Surely, sometimes it is reversed, but when things are not right with one’s adult children, it too often, is more of a profound, life-changing disappointment to the elder generation.

 Life throws us sucker punches for sure. But, could it be that there is nothing is more painful than being estranged from an adult child?

After thirty years, as a psychologist and family counselor, teaching people in some kind of crisis or crossroad, how to love each other better, I think this might be true.

If your relationship with one of your kids is fractured… and you truly want it to become better, consider the advice of experts:

1. Do not try to revise their recollection of the past.

2. Express your personal regrets.

3. Listen, listen, listen to what they have to say.

4. Ask questions.

5. Do not allow them to abuse you emotionally, physically or financially.

6.Remember: healing is a process which takes time and that professional counseling can help with the practical and emotional challenges surrounding the experience.

There are times, however, when things disintegrate into what  seems to be a beyond-repair relationship. That’s how “Judy” described where she was with her  so-called “ex-daughter”.


”I have divorced my daughter,” Judy said. “I have let go of all expectations and feel peace in my heart by finally accepting my daughter does not love or like me.

“It took me a long time to understand that I did not have to accept an abusive spouse. Why should I have to accept an abusive child? Why shouldn’t I be able to divorce her, as well?

 “My action is drastic… you probably don’t approve…

“But I am glad to be finally free of a daughter and from the anger. I tried and therefore do not look at this as a failure. Sometimes, sad to say, it is just impossible.”

“Judy” is right in her assumptions about me.: I do hope that some day it will be different for her and her daughter.

With that said, I directed her to author Linda Herman’s article in Forbes magazine:


  1. The Right to Be Free from Abuse: Some parents find themselves the victims of abuse by their children, physical as well as verbal or psychological.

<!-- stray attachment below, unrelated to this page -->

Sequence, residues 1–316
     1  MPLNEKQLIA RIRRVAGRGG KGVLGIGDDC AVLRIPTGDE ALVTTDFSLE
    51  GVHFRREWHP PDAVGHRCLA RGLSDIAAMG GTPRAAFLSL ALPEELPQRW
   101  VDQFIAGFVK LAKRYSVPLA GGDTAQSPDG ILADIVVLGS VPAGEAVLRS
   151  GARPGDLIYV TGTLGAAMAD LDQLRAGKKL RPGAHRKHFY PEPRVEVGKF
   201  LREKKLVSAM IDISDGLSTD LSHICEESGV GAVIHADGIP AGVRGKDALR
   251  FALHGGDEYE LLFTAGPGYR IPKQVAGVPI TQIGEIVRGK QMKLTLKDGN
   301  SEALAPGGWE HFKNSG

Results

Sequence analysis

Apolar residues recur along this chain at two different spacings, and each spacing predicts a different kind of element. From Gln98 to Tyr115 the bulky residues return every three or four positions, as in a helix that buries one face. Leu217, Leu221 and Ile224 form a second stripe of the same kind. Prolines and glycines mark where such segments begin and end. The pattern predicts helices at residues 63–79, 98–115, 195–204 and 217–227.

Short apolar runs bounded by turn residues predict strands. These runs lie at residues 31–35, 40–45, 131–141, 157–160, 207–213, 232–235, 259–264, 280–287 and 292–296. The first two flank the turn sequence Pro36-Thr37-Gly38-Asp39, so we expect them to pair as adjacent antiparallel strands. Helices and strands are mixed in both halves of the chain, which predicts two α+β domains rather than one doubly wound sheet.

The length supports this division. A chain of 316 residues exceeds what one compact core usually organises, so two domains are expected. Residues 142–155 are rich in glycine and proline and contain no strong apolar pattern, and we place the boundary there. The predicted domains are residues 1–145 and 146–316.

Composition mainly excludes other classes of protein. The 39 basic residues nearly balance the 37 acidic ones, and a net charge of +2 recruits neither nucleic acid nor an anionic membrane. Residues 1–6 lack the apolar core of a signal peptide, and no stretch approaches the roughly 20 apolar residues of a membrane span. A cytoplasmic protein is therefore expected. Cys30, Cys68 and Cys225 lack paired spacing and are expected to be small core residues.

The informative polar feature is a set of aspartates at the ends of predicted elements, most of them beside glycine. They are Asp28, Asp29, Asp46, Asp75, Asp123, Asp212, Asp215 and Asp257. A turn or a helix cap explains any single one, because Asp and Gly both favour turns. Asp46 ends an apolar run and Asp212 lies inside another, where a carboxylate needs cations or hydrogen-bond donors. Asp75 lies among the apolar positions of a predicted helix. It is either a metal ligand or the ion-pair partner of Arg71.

2. Abuse is never acceptable. If you find yourself in an abusive situation, set limits with your child. End abusive phone contacts, refuse to give time, money, or advice until you are treated appropriately and don’t meet with the child alone.
  3. The Right to Be Guilt-Free: Parents feel accountable for what happens in their families. But when best intentions produce less-than-ideal results, guilt can easily creep in.
  4. The Right to Peace of Mind: Most parents expect that, at some point, living without their children will result in increased freedom and peace of mind. But some parents discover their lives become increasingly strained when children leave home.
  5. The Right to Have Reasonable Expectations: What constitutes a reasonable expectation for an adult child? Some basic behaviors can and should be universally expected.
  6. The Right to Be Imperfect: Sometimes being a “good enough” parent is sufficient. A “good enough” parentrecognizes his or her own strengths and limitations and, on balance, is comfortable about doing an adequate job.
  7. The Right to Decide to What to Do with Your Own Money: Give financially to your children if you choose, but remember that doing so is a gift, not an obligation.
  8. The Right of Selective Association: It is each parent’s right to decide with whom he or she will associate. Most adult children recognize this and do not interfere with their parent’s choice of friends, business associates andromantic partners. However, this is a right that is not always honored.
  9. The Right to Retirement: Some parents who are compelled to defer plans for their retirement have adult children who’ve been struggling financially or emotionally for year.


 Before you can take care of others, including your children, you have to take care of yourself… and even they are more likely to respect you for it.


Thanks For Visiting,

Email Dr. Linda

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